We are farmers on a beautiful farm on the Worcester/Hereford border. We have quite a few walkers coming through at the moment and many of them are quite happy to walk through our yard without even saying hello.
It really is so unbelievably rude.
On many occassions I am tempted to ask their address so that my husband and I can come along and walk around their gardens whilst ignoring them completely.
This has only started happening in the last 10 years so please acknowledge farmers and don't treat them like dirt - they work damn hard to keep the countryside looking this good!
Sandra Morton, Worcester
“There are many interesting points above, both from the farmers' and from the walkers' perspective. I always say hello to fellow walkers who mostly respond in kind, although some give no response at all. I have found farmers in general OK, although sometimes the fields, farmyards etc. can be confusing to walk through. There is always the fear that a fierce unchained dog or a bull may suddenly appear from nowhere. If I am absolutely lost in a farm area and have to go through it (otherwise lose a lot of time in going back), my tactic is to knock on the door (if I can't see anybody about) and be VERY apologetic, along the lines of "I'm very sorry if I appear to be trespassing, I haven't done it on purpose, but I am completely lost". This usually gets them on my side, and they tend to be helpful in the majority of cases.”
David Dawber, Lytham St Annes
“Maybe we've been lucky with the farmers we've met when walking through farms, but our presence has always been acknowledged even if only by a cursory wave as we pass through. Likewise we would never ignore farm workers when we see them. Again it may be nothing more than a wave of acknowledgement but we always indicate in some way. True some farmers are more outgoing than others, but I've been ignored by far more walkers than farmers! Speak to some walkers in passing and they look at you as if they've just trodden in something unpleasant.”
Keith Taylor, Gloucester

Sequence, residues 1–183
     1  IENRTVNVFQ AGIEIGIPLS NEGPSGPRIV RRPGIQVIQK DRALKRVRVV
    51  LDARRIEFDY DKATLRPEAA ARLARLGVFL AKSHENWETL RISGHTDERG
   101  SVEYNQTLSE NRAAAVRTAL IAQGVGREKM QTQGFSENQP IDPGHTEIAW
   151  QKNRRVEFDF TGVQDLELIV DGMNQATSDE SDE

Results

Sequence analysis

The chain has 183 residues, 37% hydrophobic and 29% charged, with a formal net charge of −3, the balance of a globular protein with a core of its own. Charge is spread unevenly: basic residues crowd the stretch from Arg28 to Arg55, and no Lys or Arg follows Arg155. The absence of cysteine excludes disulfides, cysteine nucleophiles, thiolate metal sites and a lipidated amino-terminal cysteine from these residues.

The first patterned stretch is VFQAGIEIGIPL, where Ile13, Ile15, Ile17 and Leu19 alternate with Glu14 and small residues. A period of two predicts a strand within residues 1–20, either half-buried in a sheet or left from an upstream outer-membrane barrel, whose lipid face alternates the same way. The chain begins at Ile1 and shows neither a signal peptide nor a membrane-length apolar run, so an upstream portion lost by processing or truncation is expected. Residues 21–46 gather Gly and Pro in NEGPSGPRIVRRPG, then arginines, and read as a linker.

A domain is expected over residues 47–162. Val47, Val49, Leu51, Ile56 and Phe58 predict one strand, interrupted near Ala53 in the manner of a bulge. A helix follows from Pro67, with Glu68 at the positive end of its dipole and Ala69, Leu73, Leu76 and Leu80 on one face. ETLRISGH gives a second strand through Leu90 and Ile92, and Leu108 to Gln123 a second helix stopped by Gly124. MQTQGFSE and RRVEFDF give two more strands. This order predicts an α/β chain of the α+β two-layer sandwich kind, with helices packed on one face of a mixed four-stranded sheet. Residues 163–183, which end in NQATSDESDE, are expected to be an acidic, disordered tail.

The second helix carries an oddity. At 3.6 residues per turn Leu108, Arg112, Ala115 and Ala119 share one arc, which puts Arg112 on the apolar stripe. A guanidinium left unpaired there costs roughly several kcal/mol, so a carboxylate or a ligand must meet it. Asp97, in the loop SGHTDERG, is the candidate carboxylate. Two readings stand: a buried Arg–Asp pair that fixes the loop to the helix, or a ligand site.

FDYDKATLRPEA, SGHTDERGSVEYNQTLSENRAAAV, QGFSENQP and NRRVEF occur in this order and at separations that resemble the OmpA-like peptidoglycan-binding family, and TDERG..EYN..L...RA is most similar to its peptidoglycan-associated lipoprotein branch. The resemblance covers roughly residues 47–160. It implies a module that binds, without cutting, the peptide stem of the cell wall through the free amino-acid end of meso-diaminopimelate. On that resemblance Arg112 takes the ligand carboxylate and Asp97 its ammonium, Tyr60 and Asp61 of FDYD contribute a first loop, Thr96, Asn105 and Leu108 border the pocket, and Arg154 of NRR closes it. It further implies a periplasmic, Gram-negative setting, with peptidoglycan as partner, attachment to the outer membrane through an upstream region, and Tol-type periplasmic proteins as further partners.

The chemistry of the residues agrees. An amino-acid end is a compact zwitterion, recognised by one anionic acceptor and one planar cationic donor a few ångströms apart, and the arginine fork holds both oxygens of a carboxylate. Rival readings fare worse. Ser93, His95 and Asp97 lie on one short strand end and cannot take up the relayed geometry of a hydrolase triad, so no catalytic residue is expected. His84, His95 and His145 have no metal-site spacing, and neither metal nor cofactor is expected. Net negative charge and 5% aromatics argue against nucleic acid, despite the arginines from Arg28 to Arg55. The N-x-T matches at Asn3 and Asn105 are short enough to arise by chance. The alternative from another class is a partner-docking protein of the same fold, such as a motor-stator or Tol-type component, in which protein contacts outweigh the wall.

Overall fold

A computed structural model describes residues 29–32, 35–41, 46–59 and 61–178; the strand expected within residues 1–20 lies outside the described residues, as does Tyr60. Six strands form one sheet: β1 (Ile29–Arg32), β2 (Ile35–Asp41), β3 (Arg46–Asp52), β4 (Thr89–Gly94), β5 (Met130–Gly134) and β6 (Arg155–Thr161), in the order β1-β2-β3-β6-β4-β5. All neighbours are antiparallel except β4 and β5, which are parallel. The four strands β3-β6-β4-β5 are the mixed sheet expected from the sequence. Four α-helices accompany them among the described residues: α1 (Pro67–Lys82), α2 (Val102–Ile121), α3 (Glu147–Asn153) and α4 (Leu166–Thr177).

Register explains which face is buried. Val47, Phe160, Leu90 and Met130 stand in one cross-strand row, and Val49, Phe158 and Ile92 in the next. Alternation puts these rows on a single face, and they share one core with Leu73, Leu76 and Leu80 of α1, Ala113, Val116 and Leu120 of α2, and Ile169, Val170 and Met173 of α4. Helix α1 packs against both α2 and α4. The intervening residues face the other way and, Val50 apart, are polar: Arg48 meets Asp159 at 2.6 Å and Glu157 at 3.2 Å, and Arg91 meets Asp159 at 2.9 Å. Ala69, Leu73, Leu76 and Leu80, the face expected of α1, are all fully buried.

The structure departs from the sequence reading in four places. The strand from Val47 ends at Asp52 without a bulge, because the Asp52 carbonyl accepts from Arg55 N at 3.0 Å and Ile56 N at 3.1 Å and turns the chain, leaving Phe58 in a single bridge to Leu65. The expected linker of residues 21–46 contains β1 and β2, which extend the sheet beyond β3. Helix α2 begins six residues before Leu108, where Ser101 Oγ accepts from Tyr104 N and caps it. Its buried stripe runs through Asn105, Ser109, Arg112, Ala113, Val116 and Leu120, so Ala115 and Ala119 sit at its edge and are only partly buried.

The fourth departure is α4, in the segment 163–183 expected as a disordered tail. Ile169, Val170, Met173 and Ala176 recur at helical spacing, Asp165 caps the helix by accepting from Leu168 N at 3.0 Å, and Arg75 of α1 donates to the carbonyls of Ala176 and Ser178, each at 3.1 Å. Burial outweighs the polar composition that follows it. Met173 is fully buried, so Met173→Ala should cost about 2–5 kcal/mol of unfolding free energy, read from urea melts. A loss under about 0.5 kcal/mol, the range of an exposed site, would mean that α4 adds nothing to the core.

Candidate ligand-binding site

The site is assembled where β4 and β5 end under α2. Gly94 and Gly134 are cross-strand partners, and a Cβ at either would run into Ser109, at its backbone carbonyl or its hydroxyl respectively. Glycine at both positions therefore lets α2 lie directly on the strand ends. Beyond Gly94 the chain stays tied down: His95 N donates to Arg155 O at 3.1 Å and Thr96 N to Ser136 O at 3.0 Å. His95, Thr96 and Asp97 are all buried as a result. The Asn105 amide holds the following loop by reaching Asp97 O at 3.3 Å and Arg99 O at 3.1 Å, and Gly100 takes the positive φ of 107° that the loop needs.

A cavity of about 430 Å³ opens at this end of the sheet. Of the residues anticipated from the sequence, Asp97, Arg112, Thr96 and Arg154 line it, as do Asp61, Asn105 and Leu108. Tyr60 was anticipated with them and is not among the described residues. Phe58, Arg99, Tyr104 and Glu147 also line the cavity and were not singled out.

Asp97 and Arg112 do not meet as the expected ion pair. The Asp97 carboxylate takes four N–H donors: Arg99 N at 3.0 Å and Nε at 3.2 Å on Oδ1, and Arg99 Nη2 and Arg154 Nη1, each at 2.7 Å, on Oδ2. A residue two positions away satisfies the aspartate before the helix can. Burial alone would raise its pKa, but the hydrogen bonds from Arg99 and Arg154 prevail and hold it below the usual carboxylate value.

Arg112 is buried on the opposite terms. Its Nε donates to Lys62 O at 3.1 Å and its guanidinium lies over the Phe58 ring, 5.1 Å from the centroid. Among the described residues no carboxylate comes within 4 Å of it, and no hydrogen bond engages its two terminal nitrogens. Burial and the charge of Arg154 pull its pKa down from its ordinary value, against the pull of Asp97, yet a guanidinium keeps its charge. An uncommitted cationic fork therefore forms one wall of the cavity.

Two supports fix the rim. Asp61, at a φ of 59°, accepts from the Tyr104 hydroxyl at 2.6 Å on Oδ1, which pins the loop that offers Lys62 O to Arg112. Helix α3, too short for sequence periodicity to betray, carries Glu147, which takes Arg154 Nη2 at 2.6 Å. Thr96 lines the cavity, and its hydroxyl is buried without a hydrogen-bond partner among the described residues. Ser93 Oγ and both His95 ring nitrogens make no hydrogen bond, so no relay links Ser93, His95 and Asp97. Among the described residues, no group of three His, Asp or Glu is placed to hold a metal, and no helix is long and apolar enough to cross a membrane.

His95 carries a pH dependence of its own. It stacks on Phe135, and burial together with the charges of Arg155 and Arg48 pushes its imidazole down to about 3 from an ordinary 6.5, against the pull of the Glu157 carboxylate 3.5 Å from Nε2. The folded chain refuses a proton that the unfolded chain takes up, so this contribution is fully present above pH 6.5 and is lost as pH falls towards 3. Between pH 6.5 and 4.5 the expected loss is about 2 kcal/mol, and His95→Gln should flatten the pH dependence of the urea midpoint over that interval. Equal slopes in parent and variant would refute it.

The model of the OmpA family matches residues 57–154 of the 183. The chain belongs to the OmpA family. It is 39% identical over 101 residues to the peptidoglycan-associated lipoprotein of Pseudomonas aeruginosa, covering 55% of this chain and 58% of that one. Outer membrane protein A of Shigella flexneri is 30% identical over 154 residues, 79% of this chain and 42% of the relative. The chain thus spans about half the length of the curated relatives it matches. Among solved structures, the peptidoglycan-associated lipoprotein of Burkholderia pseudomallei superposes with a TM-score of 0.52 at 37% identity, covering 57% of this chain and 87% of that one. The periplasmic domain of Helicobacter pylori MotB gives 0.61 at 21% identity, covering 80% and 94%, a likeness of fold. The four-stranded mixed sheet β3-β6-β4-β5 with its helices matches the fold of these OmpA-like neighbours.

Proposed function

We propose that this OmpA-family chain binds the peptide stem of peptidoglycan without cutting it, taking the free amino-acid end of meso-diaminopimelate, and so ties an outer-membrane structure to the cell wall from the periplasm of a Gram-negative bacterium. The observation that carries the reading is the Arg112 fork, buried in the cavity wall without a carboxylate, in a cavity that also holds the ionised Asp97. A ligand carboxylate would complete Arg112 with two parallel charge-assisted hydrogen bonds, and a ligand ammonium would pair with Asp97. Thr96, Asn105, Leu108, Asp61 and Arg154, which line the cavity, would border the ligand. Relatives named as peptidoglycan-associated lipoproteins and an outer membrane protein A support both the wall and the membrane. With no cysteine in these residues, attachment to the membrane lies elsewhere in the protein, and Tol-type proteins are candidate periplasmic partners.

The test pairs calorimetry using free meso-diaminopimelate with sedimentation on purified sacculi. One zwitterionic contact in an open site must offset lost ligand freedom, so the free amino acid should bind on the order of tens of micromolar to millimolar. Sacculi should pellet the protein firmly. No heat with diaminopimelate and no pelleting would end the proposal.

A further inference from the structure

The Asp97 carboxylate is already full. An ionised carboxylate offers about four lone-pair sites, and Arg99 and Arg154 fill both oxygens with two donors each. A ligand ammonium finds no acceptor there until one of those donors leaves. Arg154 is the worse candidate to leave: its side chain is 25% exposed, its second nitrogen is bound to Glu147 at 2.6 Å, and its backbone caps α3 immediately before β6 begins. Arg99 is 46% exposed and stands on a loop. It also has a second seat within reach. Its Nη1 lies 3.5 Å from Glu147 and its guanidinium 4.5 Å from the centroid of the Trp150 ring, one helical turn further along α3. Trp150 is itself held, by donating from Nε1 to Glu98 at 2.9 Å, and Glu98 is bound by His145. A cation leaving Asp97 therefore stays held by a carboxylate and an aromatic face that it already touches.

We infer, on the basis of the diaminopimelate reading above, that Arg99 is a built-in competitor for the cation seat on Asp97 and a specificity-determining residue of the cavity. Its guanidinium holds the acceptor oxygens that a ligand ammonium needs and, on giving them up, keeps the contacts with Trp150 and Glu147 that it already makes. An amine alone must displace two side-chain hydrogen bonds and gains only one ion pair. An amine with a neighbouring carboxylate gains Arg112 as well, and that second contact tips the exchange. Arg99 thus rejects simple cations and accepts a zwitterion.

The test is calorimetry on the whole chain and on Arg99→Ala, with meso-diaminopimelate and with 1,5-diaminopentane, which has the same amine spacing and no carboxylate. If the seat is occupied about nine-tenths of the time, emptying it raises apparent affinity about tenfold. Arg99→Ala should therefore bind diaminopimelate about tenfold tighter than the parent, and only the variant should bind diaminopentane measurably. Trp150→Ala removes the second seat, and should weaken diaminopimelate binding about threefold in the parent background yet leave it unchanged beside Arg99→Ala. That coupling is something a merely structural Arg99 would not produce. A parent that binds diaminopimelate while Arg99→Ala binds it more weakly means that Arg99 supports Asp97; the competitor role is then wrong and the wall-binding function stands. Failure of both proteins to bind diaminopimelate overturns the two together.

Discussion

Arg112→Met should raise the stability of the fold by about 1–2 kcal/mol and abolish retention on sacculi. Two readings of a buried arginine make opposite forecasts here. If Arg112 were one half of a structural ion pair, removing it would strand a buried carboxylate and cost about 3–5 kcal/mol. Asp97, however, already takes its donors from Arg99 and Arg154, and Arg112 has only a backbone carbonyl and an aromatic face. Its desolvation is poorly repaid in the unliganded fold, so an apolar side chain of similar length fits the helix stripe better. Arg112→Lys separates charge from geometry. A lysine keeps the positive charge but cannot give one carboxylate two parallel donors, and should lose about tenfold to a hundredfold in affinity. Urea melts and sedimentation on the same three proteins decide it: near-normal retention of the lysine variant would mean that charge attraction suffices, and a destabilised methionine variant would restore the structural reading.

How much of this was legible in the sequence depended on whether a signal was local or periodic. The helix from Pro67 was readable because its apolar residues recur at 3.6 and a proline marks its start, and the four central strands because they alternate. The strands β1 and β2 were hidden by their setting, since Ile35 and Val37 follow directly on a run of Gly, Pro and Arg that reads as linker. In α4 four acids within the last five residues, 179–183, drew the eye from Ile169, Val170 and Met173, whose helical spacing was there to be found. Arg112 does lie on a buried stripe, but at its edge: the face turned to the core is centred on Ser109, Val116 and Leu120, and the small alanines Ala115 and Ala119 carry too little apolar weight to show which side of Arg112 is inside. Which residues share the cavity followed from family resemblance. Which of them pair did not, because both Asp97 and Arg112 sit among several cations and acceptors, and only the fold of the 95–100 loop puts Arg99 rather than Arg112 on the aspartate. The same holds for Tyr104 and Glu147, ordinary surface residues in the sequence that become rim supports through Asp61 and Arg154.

“walkers are often wary of the response they will get from farmers when crossing their land. Recently walking in North Wales we had to pass through a farmers yard, the owner gathered his two dogs and put them inside his house. He invited us into his yard and helped to guide us on our way by looking at our map. After leaving his land we then got lost because the farmer of the land behind had made it as difficult as possible for somebody to pass through. The land was overgrown, styals were feet deep in nettles and there were no signosts.”
Andrea Healy, Rochdale
“We ALWAYS say hello or mornin or afternoon when we meet farmers/landowners/walkers/etc wherever we are. Indeed we have been involved with lambing/rounding up farmstock/opening gates/chicken chasing/cake tasting on numerous occassions. We don't always get a reasonable reply but a little politeness/freindliness goes a long way. In both directions! Lets start a 'Be Kind To Farmers AND Walkers Campain'”
Barry Smith, Manchester
“I walk all over the uk crossing many farms but i have never got so much as a hello from any farmer, i actually do not like crossing peoples land especially through farm yards as i feel i am intruding and would rather not do so, but so many trails seem to go that way, maybe people do not say hello because they are shocked to hear the greeting, if I am over your way and I see a smile with a hello i would be more than happy to reply in the same manner, it would make me feel more comfortable crossing your land and why be so miserable.”
Darren Carswell, Droitwich/worcestershire
“When walking through farm building areas some farmers are not as welcoming, occasionaly very rude. Having removed(?) any waymarks they then grumble that you shouldn't be there. Some walkers don't reply to a greeting on a footpath.”
David Parry, Ches
“I would like apologise to Sandra Morton on behalf of all walkers who, like our family, are just so grateful that we are allowed to walk on footpaths crossing their property. I think it is sad that people do seem to have become more insular. We live in London and find that even other walkers do not acknowledge you until you are really in the depths of the countryside. Unfortunately we seldom venture further than Hertfordshire/Berkshire and the Cotswolds otherwise we would be more than happy to say hello to Sandra Valerie Leaver”
Valerie Leaver, London
“hi sandra,get up north lass much more friendly lot we are,always say hello even to some of the grumpy dales farmers,nearly made one smile once,keep talking steve:)”
“Sandra, I know that a number of walkers already feel like they are intruding on farmers/landowners when making their way across certain stretches of land. They may feel that talking to you may be a further intrusion which you might not welcome. On the other hand I'm sure that a nod and a "Good Morning" wouldn't kill them nor cause you too much distraction. I would also add, though, that some farmers are not as friendly as yourselves, and clearly resent having to allow walkers access across their land”
Fraser Hale, Ipswich
“In response to the message by Sandra Morton. Firstly appologies on behalf of all non rude walkers. However to put it in perspective; from my experience there are also many farmers that just scowl (or worse) at walkers that follow public footpaths that cross their land and therefore many are embarrassed to speak incase they get a "mouthful". I will of course say hello if I ever pass through your farm. Regards, Kevin”
Kevin Timmis, Folkestone
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